What can be the most satisfying aspect about history is its ability to right what has been wronged. The idea that time and a writer’s perseverance can fix what the present failed to do can be wholly satisfying. Let’s face it. Today we are only getting the partial truth. Sometimes it takes a journalist, author or researcher to uncover lost information and bring it forward above the layers of noise for all of us to see. It is satisfying to read how, through time and effort, someone’s reputation was repaired or another’s legacy was pulled down to into the valley from the mountain top.
There are many examples of history making it right. The case of Capt. Charles McVay, Commander of the USS Indianapolis, is one of many. McVay’s USS Indianapolis was hit by two torpedoes after delivering cargo on Guam while sailing toward Leyte Island 1945. Several hundred crew went down with the ship while several hundred more of the 1196 souls lost their lives drifting in the water for several days due to hyperthermia, starvation and shark attacks before being rescued. Capt. McVay, after being one of the 317 rescued, was convicted by court-martial of “hazarding his ship by failing to zigzag.” Fleet Admiral Chester Nimitz remitted his sentence and restored him to active duty until his retirement in 1949. Nevertheless, this event haunted McVay for the rest of his life before committing suicide in 1968.
Due to painstaking research and several supporters working for him, in 2000 The United States Congress and President Bill Clinton gave him his redemption and passed a resolution with Clinton signing it. The resolution states, “he is exonerated for the loss of Indianapolis.” In July 2001, the Secretary of the Navy ordered his record cleared of any wrong doing.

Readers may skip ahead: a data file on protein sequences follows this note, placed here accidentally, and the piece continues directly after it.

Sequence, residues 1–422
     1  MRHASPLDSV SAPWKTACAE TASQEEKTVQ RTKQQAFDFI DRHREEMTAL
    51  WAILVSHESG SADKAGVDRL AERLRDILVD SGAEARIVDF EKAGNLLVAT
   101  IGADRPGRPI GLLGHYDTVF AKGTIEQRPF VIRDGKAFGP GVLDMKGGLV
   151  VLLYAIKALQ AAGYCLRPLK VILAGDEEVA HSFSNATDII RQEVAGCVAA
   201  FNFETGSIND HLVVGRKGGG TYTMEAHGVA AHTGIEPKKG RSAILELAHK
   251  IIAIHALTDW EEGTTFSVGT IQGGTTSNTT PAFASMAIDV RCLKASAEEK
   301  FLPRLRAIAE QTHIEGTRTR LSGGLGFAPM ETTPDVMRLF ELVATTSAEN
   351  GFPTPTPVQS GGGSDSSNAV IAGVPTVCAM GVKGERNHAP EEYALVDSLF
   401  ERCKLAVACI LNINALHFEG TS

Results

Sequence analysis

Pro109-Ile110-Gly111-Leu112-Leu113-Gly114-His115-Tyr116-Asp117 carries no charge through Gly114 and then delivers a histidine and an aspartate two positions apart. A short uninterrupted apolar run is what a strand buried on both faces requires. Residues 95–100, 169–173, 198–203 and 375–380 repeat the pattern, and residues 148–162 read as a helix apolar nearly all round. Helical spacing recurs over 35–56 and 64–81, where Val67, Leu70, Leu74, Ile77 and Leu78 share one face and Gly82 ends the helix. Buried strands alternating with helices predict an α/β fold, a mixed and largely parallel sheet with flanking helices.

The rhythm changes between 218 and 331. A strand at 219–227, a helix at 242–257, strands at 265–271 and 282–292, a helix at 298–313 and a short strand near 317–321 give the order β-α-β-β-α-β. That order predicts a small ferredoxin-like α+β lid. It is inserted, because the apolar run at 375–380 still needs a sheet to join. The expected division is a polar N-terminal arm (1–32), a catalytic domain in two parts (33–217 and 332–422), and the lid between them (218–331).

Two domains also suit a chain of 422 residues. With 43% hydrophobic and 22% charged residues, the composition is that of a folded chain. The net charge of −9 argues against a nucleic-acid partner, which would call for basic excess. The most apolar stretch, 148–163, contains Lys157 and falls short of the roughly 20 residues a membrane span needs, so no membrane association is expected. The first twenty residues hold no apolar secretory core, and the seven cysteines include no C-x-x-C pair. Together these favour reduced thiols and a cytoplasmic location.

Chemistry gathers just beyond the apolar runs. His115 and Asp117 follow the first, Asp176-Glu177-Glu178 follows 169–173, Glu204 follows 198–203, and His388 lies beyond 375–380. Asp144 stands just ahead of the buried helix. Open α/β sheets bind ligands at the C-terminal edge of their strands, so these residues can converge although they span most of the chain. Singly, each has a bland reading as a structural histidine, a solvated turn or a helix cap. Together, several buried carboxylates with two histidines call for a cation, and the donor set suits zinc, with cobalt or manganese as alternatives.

It’s just one case of history correcting a wrong. Another case is President Gerald R. Ford. He pardoned former President Nixon on September 1974 for any criminal acts he may have committed while serving as President. At the time, this act was unpopular in many circles from the voting public to print and broadcast media companies and popular journalists. This decision probably was a major factor in costing Ford the 1976 election. However, history has a way of changing attitudes. In 2001, Ford received the JFK Profile in Courage award for making the controversial decision to pardon the former President. He said when receiving the award that “It was the state of the country’s health at home and around the world that worried me.” He seemed to know then what others seemed to comprehend many years later. The best medicine for the country was to move on.